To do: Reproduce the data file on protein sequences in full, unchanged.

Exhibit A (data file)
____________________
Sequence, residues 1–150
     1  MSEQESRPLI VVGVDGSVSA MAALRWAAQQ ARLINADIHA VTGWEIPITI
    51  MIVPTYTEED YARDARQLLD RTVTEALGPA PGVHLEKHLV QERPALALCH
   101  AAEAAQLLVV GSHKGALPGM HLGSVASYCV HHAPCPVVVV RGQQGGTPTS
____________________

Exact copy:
Sequence, residues 1–150
     1  MSEQESRPLI VVGVDGSVSA MAALRWAAQQ ARLINADIHA VTGWEIPITI
    51  MIVPTYTEED YARDARQLLD RTVTEALGPA PGVHLEKHLV QERPALALCH
   101  AAEAAQLLVV GSHKGALPGM HLGSVASYCV HHAPCPVVVV RGQQGGTPTS